Geoff Colvin

Geoff Colvin is Fortune's senior editor-at-large and is also the author of Talent is Overrated and The Upside of the Downturn. He has served as moderator of the Fortune Global Forum, where he has interviewed Bill Gates, Jack Welch, Herb Kelleher, Peter Drucker and other business legends. Colvin graduated Harvard cum-laude with a B.A. in Economics, and received his MBA from New York University's Stern School.

George Binney

George Binney is an experienced coach and consultant who for many years has worked with chief executives and senior teams. He studied history before becoming a barrister, a McKinsey consultant and a manager in large corporates. He specialises in supporting senior doctors, scientists, lawyers and other professionals who now lead organizations.

Gerhard Wilke

Philip Glanfield coaches and consults to individuals, teams and organizations by focusing on the conversations that shape their leadership and impact. He studied theology and worked as a probation officer and a senior manager in the NHS before consulting. He led the team that won the European EFMD award for organization development in 2015.

Iain Martin

Iain Martin is a commentator on politics and economics. He has been editor of the Scotsman and of Scotland on Sunday and Deputy Editor of the Sunday Telegraph. He has written for the Wall Street Journal, the Financial Times, the Daily Mail and Standpoint magazine. His first book, Making It Happen: Fred Goodwin, RBS, and the Men who Blew Up the British Economy, was shortlisted for the 2013 Financial Times/Goldman Sachs Business Book of the Year Award and won the Debut Book of the Year prize at the 2014 Political Book Awards.

Jared Cohen

Jared Cohen is Director of Google Ideas and an Adjunct Senior Fellow at the Council on Foreign Relations. Previously he served as a member of the State Department's Policy Planning Staff where he focused on the Middle East, counterterrorism and the development of '21st-century statecraft'. He serves on the Director's Advisory Board at the National Counterterrorism Center (NCTC). He has a BA from Stanford University and an MPhil in International Relations from Oxford University, where he studied as a Rhodes Scholar. He is fluent in Swahili.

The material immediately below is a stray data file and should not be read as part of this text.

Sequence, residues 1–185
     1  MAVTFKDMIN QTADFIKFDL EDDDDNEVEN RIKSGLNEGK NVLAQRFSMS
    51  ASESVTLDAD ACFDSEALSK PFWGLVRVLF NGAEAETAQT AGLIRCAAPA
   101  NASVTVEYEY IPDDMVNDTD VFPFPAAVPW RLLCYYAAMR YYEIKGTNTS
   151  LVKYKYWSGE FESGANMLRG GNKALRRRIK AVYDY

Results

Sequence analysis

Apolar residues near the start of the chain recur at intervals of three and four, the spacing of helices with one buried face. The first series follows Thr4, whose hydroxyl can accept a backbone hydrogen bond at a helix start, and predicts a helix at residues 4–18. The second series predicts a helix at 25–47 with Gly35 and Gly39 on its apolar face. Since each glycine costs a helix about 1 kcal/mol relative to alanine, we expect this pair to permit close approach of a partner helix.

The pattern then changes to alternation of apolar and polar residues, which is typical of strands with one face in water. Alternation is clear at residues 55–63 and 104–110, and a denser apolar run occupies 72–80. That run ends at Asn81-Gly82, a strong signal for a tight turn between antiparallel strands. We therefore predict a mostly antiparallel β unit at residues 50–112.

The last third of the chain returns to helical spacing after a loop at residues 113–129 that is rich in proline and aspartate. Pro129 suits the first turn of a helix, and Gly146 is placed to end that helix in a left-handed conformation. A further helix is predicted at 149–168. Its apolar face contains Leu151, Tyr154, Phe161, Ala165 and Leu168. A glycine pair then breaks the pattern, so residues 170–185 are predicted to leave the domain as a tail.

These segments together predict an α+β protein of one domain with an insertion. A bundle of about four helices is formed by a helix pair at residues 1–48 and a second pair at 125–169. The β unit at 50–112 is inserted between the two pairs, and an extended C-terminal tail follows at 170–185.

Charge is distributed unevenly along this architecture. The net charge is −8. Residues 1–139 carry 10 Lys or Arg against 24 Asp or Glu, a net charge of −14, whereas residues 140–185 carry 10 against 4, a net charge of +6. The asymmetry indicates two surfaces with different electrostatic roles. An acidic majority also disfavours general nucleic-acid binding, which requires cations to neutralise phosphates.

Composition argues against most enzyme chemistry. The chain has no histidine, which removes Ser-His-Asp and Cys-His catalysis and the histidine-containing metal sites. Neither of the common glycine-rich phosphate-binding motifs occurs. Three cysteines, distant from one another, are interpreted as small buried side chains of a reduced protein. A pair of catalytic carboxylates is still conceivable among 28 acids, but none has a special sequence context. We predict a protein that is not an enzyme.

Jonathan Rosenberg

Jonathan Rosenberg joined Google in 2002 and managed the design and development of the company's consumer, advertiser, and partner products, including Search, Ads, Gmail, Android, Apps, and Chrome. He is currently an advisor to Google CEO Larry Page.

Jordan Belfort

Jordan Belfort was born in Queens, New York. He hustled ices to put himself through college, showing early entrepreneurial flair. His first business sent him bankrupt at twenty-four so he went down to Wall St with $100 in his pocket and ended up building one of the largest brokerages in America - the now infamous Stratton Oakmont. A hard partying lifestyle ended in crash and burn. Ultimately indicted by the federal government, Belfort served twenty-two months in prison, and time in rehab. He's now a highly successful motivational speaker.His story has been made into a Golden Globe-winning and Academy Award-nominated film starring Leonardo DiCaprio and directed by Martin Scorsese.He is currently living in Los Angeles.

Judy Bartkowiak

Judy Bartkowiak's training courses and coaching practice have helped thousands of people to apply the skills of NLP in their everyday lives. She is a qualified NLP Trainer, NLP Master Practitioner, NLP Sports Practitioner, NLP Business Practitioner and NLP Children's Practitioner.

Kevan Hall

Kevan Hall is an experienced CEO and consultant working with major multinationals around the world to inspire and enable people to succeed in connected global organizations. His previous books include Speed Lead and Making the Matrix Work.

Kingsley Donaldson

KINGSLEY DONALDSON is a retired Army officer. He has served on operations in a number of European and Middle Eastern countries in various roles that span from countering weapons of mass destruction through to negotiating with armed groups in Iraq. His last appointments at the Ministry of Defence were concerned with national defence and security strategy. He now advises a number of governments in his role as Director of the Causeway Institute for Peace-building Conflict Resolution International.

Martin Williams

Martin Williams is a freelance investigative journalist. His work has appeared in Private Eye, the Guardian, the Observer, the Independent, and elsewhere. He hosts a live comedy show called 'Investigations', with the comedian Josie Long, which combines investigative journalism with stand-up comedy. In 2011 Martin won the Guardian's Scott Trust bursary and studied for an MA in Newspaper Journalism at City University. Before that, he read History and Politics at the University of York.

Michael J. Marquardt

Michael J. Marquardt, Ed.D. is professor of Human Resource Development and International Affairs as well as Program Director of Overseas Programs at George Washington University. Dr. Marquardt also serves as President of the World Institute for Action Learning and is the author of 20 books, including Leading with Questions and Optimizing the Power of Action Learning.

Nigel Cumberland

Nigel Cumberland is a founding partner of the London based Silk Road Partnership, which provides a range of coaching/mentoring services across the Gulf, Europe and Asia. Clients include the World Bank, Google, Standard Chartered Bank, Commerzbank, Bureau Veritas, Dubai Government, Malaysian Government and Macquarie Bank. He has held various C-Level and Managing Director positions with a number of multinationals and sat on a number of Boards of Directors.